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DePuy Hip Lawsuit

About 12,000 Americans have sued Johnson & Johnson due to defective hip replacement systems. Johnson & Johnson, parent company of DePuy Orthopaedics, is one of the globe’s largest manufacturers of orthopedics and other medical products. The company, ranked number 41 in the list of Fortune magazine’s top 500 corporations in 2013, recalled its ASR hip replacement systems in 2010.  At the time, an estimated 93,000 people worldwide had them implanted.

By the end of 2015, Johnson & Johnson will have agreed to pay more than $3 billion to settle thousands of DePuy ASR hip lawsuits.

Claims of durability fall far short

Marketed as lasting longer than prior hip replacement devices, possibly lasting 15 or more years, the ASR hip replacement system may experience early failure, in some cases within two years of initial surgery. The Pinnacle Acetabular Cup System, ASR Hip Resurfacing System and the ASR XL Acetabular System are associated with design flaws resulting in complications, including premature loosening, immobility, excruciating pain, joint dislocation, bone deterioration and metallosis (excessively high levels of metal ions).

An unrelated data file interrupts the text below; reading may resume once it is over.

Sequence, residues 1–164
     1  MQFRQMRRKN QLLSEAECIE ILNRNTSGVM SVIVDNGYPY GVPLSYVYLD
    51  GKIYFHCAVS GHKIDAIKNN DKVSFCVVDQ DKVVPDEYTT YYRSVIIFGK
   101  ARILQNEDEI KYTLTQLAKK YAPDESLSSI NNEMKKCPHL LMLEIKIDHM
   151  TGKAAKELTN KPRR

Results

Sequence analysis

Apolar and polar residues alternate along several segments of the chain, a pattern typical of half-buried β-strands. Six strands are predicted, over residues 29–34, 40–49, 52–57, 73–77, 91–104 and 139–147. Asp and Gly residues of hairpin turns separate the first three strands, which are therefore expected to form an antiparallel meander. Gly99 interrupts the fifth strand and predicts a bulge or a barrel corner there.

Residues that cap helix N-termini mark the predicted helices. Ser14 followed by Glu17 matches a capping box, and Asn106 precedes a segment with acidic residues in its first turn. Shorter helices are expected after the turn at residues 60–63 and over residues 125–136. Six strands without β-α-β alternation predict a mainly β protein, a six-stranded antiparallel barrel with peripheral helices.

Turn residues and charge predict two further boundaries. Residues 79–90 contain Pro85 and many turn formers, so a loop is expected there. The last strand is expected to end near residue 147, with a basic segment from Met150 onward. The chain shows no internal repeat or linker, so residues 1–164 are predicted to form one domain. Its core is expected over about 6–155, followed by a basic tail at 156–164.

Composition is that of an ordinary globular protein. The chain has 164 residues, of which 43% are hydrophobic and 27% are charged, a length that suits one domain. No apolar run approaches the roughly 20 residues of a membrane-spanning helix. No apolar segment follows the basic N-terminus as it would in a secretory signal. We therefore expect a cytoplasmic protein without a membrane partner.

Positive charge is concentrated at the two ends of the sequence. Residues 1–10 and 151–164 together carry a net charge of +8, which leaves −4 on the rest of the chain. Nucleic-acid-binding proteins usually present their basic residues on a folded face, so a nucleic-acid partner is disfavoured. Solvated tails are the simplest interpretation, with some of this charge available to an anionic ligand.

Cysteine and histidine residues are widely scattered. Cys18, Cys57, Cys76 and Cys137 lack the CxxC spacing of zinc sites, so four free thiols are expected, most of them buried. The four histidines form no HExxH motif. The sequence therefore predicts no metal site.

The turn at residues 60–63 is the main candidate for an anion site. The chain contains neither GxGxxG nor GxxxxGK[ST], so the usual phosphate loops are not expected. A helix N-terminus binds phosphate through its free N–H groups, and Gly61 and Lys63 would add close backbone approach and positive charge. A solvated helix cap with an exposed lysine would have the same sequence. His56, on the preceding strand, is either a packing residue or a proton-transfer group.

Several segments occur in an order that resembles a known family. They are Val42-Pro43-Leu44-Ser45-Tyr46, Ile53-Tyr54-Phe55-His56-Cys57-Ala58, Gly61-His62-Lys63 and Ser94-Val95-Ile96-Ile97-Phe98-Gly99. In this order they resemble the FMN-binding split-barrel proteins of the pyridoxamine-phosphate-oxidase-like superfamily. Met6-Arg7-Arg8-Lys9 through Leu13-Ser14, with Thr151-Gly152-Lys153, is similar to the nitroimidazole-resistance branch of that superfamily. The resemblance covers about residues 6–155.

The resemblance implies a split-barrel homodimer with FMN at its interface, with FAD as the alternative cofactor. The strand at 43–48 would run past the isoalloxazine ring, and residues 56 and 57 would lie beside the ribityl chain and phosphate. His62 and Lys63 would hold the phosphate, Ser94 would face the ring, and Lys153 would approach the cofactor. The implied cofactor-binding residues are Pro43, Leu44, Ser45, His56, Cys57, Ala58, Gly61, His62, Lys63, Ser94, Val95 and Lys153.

Patients with defective hip implants will likely need premature revision surgery, where the implant will be replaced.  The manufacturer voluntarily issued a Depuy hip recall in the summer of 2012 following studies conducted after the hips were cleared for the market that showed a higher than expected 13 percent five-year failure rate. The Pinnacle hip device continues to be available to U.S. consumers.


DePuy hip replacement lawsuit claims

In DePuy hip implant lawsuits, plaintiffs normally seek monetary compensation for pain and suffering, lost wages, loss of future earning capacity, medical expenses and diminished quality of life. Lawsuits concerning both the Pinnacle and ASR hip products encompass similar accusations against the defendant, and cite equivalent injuries experienced by plaintiffs.

People have filed a DePuy hip lawsuit after experiencing a variety of problems and/or injuries, such as:

  • Metal poisoning (metallosis):  The femoral “ball” and acetabular cup lining are both made of metal. As they move and grind together during normal use, small cobalt and chromium particles may flake off and into nearby tissue and from there reach the patient’s bloodstream. If severe enough, metallosis can injure nearby bones, and inflame tissues.